Win Without Pitching®: Thinking

Enough time has passed now I can tell this story without naming names. I might go to Hell for this because it’s a little self-aggrandizing but it’s so illustrative of the point: how to lead through disruption, particularly when it comes to selling.

And I get my comeuppance in the end.

A few years ago I was invited to speak at a meeting of ad agency owners. It was a group I was aware of but had never spoken to. I was happy to hear from them. The organizers had chosen “Leadership Through Disruption” as the meeting theme.

The bad news was they wanted me to be on a panel with three other new business advisors. I passed. As a matter of policy I don’t do panels.

I believe what most consider to be the best practices of ad agency new business are still bad practices. There’s no benefit to me in being on a panel with someone whose view on the topic is so fundamentally different from mine. That’s what cable news is for.

As I was declining I said I’d be happy to speak to the group in the future when it wasn’t a panel. I thought there was a ~25% chance they would reach back out to see if we could work something out. I hoped they would because the irony of the topic was too delicious.

The Win Without Pitching way of selling creative services is all about disrupting the buying process. While I teach this judo, I’m rarely in the position anymore to get to employ it. And I love this stuff.

I was in luck. They reached back out. Some board members wanted to discuss possibilities.

So we had the call. My POV resonated. They really wanted me to talk about this disruptive approach to selling at this meeting. But they had already hired one of the panelists and were in conversation with the others.

I wished them good luck and knew that we would work together one day. But this meeting was perfect for me. I knew it. They knew it. They had a dilemma. I walked away and left them to it.

A while later I got an email. They had unhired my competitor and called off the others. The meeting was mine. There was more judo around the fee (“Congratulations we’re going with you—at half your fee”) that I quickly sorted out by walking away a third time. (“No, wait–we’ve found the money!”)

When I gave my talk I desperately wanted to tell the story of how I had led through disruption to get to the stage, followed by “Are there any questions?” But it felt even more inappropriate than telling the story here years later. So I didn’t.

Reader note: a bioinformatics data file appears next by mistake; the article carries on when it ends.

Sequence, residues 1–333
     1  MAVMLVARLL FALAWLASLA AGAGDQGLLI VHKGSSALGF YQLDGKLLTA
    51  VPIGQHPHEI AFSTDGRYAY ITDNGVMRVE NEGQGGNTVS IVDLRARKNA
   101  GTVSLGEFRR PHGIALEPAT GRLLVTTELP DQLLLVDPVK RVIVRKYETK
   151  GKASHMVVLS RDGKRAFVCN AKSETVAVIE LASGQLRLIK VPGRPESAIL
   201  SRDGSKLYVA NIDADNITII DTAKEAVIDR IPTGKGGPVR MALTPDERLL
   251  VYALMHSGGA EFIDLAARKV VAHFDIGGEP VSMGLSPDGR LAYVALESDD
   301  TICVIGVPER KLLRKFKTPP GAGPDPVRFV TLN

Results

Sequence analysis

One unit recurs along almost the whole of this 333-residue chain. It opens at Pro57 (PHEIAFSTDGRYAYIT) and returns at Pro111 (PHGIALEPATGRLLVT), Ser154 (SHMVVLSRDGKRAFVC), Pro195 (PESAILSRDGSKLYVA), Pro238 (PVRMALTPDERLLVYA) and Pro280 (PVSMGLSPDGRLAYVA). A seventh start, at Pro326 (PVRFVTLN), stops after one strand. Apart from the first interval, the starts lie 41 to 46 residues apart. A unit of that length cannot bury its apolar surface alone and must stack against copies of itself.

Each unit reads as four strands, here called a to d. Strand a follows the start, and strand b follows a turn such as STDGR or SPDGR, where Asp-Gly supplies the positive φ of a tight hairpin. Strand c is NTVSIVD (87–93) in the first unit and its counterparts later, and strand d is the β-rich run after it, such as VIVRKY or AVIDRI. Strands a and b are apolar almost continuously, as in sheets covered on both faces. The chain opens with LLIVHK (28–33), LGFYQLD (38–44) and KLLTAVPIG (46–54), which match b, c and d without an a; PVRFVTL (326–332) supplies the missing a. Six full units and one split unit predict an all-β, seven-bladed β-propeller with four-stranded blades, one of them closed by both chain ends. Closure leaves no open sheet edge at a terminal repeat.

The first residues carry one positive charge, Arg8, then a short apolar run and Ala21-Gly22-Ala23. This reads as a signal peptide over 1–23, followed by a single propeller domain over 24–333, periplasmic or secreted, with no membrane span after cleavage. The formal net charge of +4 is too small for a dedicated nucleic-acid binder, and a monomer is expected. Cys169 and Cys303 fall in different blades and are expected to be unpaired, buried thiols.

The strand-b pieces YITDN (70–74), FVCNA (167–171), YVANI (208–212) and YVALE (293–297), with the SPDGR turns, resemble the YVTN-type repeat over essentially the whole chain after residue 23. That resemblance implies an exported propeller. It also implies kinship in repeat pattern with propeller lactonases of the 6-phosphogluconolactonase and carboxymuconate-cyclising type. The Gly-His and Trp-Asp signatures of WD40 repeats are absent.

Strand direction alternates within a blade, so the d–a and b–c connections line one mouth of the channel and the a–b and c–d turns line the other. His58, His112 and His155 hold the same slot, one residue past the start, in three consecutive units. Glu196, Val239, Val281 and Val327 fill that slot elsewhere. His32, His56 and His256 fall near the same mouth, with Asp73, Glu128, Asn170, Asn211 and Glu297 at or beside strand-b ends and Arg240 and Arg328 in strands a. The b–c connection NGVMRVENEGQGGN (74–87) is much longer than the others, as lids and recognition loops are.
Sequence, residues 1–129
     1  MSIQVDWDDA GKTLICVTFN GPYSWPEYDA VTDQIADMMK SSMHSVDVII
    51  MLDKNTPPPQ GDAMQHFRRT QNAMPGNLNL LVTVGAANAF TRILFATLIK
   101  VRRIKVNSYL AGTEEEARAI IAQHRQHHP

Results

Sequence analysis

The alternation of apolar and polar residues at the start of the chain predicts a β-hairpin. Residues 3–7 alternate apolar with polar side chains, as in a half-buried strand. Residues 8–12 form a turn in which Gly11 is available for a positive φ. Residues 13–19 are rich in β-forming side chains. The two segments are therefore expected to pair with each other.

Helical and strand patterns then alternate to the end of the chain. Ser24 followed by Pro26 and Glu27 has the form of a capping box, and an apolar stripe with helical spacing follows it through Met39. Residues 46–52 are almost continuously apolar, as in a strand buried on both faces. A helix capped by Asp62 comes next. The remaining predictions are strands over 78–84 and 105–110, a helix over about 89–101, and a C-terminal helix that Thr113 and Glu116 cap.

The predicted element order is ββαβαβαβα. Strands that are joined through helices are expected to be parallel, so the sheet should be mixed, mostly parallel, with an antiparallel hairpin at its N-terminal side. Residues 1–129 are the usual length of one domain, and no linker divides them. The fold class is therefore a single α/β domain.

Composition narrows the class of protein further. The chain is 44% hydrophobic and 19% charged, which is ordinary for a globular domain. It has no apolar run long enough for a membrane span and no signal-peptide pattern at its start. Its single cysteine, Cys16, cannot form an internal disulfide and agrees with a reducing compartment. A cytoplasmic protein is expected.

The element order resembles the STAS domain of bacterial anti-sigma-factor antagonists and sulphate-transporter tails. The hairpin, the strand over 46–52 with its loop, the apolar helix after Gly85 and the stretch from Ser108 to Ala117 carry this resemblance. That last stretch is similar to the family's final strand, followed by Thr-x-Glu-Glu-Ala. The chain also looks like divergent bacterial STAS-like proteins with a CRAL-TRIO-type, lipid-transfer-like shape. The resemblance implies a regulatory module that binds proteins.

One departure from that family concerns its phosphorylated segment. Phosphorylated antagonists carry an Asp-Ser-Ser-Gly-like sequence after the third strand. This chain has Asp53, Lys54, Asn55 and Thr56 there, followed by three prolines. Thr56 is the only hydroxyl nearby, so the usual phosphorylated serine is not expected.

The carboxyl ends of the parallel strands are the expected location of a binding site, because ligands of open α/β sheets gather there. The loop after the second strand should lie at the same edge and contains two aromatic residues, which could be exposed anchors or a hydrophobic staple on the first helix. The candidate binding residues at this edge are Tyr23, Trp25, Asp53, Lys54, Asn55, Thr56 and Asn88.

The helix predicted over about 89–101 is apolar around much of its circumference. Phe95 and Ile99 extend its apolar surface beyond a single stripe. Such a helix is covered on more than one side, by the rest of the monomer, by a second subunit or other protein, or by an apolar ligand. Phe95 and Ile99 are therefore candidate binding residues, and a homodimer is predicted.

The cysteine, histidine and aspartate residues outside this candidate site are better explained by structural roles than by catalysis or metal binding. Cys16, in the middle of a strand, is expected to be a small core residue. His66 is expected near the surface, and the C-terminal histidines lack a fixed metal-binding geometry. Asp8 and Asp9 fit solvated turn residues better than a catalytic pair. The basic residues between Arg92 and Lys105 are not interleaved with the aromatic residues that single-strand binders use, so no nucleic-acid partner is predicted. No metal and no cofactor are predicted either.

I did my talk on how to Win Without Pitching. It was existing material newly framed for the theme, walking through how to disrupt a pitch. I finished with the iconic red pill/blue pill image from The Matrix, saying you can choose to keep doing it the old way or you can come with me. I was pretty proud of myself going into Q&A, convinced I’d won some converts.

And then, crickets. No questions. After a little prodding the questions came but they weren’t questions so much as reasons why my theory wasn’t possible in the real world. Everyone knew you had to play nice to win, seemed to be the consensus.

It wasn’t the first time I had heard this—not by a long shot—but the juxtaposition of the meeting theme and how I had disrupted the buying process to get there was so jarring that it caught me off guard. I was stunned and defenseless to simple arguments I had routinely dealt with in the past.

To this day that group has never invited me back and I don’t think any of the firms in that room have ever bought any of our training.

After my talk an agency owner from the audience came up to me and said, “I saw you speak years ago and it changed my life. We get invited to pitches now and I just say ‘No, we’re not going to do that.’ A lot of time they call us back and hand us the account.”

I stared at him disbelievingly while I searched for the words.

Finally I said, “I could have used that story ten minutes ago.”

He just chuckled mischievously, shook my hand and walked away. Like a boss.

So while the talk was a dud, the sale itself was an illustration of just how fun selling can be. It’s also an example of how the sale is the sample. If you sell disruption or innovation you should view the sale as an invitation to disrupt or innovate.

If you sell coaching you should see every sale as a coachable moment. If one of the things your clients are buying from you is confidence then you should show up with the appropriate confidence.

So I guess there’s a lesson in all this (the sale is the sample), but really, I’ve just wanted to tell that story for a long time. If selling isn’t fun, you’re not doing it right. And that was fun.

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Blair Enns
Blair Enns is the Win Without Pitching founder and CEO and the author of The Win Without Pitching Manifesto and Pricing Creativity: A Guide to Profit Beyond the Billable Hour.
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